This article provides unique empirical evidence of post mortem giving in Australia, through a random sample of probate records in Victoria in 2006. The records show that decedents overwhelmingly leave their estates to their immediate family; first spouses, and then children in equal measure. They also show that there is a significant discrepancy between common practice in the transmission of estates and intestacy laws; that about one in five decedents exercise some measure of testamentary freedom; that about one in twenty decedents leave a charitable bequest; that more than two in three charitable bequests are left by decedents without surviving children; and that (unlike in the United States) wealthier decedents leave a smaller proportion of their estates to charity than their less wealthy counterparts. The article provides an empirical foundation for debates around the relationship between charitable giving and social capital, civil society and the role of government in advanced capitalist societies.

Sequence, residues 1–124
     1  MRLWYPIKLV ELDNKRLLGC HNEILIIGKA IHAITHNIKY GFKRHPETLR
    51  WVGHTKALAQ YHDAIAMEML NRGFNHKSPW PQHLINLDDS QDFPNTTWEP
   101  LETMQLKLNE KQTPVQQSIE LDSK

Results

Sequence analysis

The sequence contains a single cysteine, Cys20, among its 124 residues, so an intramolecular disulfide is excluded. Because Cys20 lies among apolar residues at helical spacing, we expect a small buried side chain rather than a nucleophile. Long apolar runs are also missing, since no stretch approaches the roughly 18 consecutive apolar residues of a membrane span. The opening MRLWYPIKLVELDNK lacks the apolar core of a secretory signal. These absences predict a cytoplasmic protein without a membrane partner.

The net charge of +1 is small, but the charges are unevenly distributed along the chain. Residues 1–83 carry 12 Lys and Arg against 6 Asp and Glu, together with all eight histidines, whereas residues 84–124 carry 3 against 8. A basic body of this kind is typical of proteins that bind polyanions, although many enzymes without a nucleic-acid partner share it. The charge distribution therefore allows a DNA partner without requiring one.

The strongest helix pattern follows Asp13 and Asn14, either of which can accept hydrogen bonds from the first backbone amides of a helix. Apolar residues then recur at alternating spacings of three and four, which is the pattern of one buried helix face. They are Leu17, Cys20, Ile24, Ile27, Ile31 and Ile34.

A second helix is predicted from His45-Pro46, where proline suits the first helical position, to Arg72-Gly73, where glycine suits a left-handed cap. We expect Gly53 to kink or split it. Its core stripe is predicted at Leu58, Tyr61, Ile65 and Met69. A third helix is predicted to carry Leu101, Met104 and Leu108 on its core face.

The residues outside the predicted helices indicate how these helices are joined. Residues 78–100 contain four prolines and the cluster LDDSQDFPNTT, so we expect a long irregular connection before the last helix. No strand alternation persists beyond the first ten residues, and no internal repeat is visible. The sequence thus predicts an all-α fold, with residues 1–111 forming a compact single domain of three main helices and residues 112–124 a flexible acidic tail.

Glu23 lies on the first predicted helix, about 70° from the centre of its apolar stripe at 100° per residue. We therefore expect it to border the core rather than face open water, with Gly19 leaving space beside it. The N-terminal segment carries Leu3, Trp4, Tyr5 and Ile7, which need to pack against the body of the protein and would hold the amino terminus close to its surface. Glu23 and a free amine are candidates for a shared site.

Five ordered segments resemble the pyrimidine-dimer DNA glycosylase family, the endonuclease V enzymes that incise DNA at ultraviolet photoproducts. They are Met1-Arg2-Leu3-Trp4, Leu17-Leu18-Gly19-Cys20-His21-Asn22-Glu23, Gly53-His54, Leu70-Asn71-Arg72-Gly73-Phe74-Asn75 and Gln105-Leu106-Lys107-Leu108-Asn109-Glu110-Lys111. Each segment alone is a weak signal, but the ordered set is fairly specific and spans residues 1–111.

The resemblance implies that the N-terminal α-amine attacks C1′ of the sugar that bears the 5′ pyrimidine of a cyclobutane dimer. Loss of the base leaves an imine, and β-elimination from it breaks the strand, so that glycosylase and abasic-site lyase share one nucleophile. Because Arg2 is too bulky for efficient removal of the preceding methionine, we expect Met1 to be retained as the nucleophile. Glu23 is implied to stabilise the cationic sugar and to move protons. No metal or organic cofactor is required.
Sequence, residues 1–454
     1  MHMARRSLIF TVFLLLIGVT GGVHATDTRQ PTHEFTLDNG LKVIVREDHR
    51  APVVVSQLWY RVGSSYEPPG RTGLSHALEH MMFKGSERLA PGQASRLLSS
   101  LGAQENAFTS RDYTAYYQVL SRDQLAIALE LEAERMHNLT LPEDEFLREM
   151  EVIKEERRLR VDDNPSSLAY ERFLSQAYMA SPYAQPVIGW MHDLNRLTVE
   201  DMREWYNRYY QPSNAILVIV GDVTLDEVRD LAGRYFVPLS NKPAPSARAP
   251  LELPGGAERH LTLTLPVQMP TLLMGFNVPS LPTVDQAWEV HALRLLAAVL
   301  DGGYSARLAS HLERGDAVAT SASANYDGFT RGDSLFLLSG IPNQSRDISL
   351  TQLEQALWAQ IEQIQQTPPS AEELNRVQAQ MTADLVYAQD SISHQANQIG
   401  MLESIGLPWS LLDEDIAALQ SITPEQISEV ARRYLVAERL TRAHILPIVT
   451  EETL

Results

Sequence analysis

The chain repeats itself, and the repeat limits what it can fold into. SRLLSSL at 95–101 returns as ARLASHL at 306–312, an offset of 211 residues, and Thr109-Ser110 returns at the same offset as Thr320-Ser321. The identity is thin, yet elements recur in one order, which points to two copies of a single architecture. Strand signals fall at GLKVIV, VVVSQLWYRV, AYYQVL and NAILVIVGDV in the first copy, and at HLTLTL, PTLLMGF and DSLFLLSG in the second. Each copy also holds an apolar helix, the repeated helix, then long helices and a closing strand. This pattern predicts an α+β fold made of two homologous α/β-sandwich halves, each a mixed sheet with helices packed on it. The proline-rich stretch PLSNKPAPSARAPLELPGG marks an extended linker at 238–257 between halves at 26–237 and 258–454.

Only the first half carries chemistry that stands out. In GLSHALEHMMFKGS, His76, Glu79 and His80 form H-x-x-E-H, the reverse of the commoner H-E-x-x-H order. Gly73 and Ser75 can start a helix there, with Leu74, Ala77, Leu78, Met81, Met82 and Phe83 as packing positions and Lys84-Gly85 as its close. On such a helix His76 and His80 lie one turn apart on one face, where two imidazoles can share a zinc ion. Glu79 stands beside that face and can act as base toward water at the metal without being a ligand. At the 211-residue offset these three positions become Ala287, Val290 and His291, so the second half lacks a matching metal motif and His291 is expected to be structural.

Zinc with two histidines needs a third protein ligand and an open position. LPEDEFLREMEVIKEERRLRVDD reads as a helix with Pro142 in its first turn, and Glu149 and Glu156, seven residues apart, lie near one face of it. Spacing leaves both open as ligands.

|Number of pages||17|
|Journal||Australian Journal of Social Issues|
|Publication status||Published - Sep 2011|